In Germany, where energy costs have increased by 62%, the government has offered citizens a $195 billion relief package, which included a price cap and direct payments. France, Italy, Spain, and the EU are all preparing caps and direct payments to citizens totaling hundreds of billions of dollars, across the Eurozone. The EU and other governments are also calling for reductions in power usage, which will ultimately result in decreased manufacturing output and job cuts.

The European private sector is also planning to take some inflationary action in the form of salary increases and bonuses. Unions in Italy, France, and elsewhere are calling for additional raises, while some of the largest employers, such as Carefour and Stellantis are already on board. Between the higher energy cost, depreciating currency, and higher price of inputs and raw materials, most companies in the Eurozone have seen their costs rise by 43% this year. And this was before the planned pay increases.

The higher costs are being passed on to consumers in the form of higher prices, but retailers like H&M are warning that rising prices are already curtailing demand. Analysts at PineBridge Investments see Europe sinking into a full-on recession in the fourth quarter and possibly a general collapse, owing to a vicious cycle of inflation and rising wages.



The IMF is forecasting that Germany may see a contraction of GDP, below baselines levels, of 1.5% in 2022 and 2.7% in 2023. A contraction in Germany could spread to other Eurozone countries. When it comes to adjusting fiscal and economic policy, in order to address a crisis, European governments have fewer tools at their disposal, than does the U.S. government, because of the common currency, the common central bank, and a host of laws and agreements, preventing countries from taking independent action.

The ZEW Indicator of Economic Sentiment has determined that consumer confidence across Europe is at its lowest level since the sovereign debt crisis of 2011. The trade deficit, by contrast, is at an all-time high. And the Purchasing Managers Indices (PMIs), a measure of industrial and service activity in the economy, is showing signs of a contraction.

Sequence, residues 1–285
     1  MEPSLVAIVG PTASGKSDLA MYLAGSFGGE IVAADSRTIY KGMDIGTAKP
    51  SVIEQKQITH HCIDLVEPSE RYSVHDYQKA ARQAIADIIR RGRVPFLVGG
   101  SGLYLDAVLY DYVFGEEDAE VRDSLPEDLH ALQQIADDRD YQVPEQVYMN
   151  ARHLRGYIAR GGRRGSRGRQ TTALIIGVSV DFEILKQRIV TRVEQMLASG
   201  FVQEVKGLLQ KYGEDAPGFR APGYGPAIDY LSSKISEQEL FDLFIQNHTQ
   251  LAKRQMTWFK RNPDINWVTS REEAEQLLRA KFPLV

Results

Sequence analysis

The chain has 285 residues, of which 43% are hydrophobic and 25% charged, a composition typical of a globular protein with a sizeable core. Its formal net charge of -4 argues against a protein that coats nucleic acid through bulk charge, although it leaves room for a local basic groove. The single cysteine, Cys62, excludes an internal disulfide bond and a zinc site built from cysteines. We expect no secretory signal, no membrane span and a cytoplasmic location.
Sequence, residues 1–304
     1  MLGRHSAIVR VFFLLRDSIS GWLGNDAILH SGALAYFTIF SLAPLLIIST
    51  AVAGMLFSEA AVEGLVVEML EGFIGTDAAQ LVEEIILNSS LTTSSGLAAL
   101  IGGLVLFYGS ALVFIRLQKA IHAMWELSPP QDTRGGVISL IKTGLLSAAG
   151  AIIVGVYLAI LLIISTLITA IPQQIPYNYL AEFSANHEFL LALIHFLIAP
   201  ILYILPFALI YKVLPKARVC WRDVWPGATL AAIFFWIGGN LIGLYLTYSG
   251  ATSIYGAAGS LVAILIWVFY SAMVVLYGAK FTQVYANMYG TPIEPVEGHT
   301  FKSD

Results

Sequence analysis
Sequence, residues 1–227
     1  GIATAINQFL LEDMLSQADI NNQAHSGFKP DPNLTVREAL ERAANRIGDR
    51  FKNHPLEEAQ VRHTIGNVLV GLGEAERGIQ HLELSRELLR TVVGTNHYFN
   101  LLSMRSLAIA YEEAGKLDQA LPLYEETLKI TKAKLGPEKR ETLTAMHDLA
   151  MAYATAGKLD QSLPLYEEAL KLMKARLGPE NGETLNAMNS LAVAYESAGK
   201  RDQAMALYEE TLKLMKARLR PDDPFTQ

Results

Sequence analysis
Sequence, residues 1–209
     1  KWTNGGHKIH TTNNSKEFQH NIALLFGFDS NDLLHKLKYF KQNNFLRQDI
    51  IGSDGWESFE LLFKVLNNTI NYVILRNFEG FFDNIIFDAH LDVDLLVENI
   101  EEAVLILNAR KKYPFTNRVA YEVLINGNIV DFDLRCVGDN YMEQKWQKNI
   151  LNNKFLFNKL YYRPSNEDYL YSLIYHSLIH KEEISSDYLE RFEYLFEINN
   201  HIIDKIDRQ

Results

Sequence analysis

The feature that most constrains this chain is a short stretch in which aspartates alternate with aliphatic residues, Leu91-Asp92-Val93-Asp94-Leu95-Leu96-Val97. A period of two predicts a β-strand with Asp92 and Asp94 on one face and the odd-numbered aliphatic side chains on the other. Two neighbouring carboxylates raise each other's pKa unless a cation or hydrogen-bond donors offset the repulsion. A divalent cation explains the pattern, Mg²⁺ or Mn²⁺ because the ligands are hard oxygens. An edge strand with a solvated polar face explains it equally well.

The U.S. Fed has raised interest rates and is expected to raise them again, in order to bring down inflation. Meanwhile, central banks around the world are following suit. The raising of interest rates by central banks in developed countries, however, is having spillover effects in developing countries, which will only become more negative and destructive as additional rate hikes are expected. These countries will find it difficult to import, difficult to pay their foreign debt, and will see their own currencies depreciate. Resource-dependent countries are also seeing a decrease in demand for their exports, as industrial activity slows in the developed world.

The U.S is in less peril than other countries, largely because the dollar is the world’s currency, and also because the U.S. is more energy and food self-sufficient than most countries. An additional benefit to the U.S. is that a rising dollar attracts foreign investment. The negative impact of a soaring greenback, however, is that American exports become expensive in other countries.

And, at home, imports become cheaper, discouraging Americans from purchasing domestic products. It is estimated that for each 1% increase in the value of the dollar the earnings of S&P 500 companies declines by about 0.5%. And while most American will not shed tears for the economic losses of big companies, each decrease in profit correlates with a reduction in the number of jobs.

Author Bio:

Antonio Graceffo, a Highbrow Magazine contributor, is a Ph.D. and also holds a China-MBA from Shanghai Jiaotong University. He works as an economics professor and China economic analyst, writing for various international media. Some of his books include: The Wrestler’s Dissertation, Warrior Odyssey, Beyond the Belt and Road: China’s Global Economic Expansion, and A Short Course on the Chinese Economy.


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--Pxhere (Creative Commons)

--Marco Verch Professional Photographer (Flickr, Creative Commons)

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--Jean Beaufort (Publicdomainpictures, Creative Commons)

--European Parliament (Flickr, Creative Commons)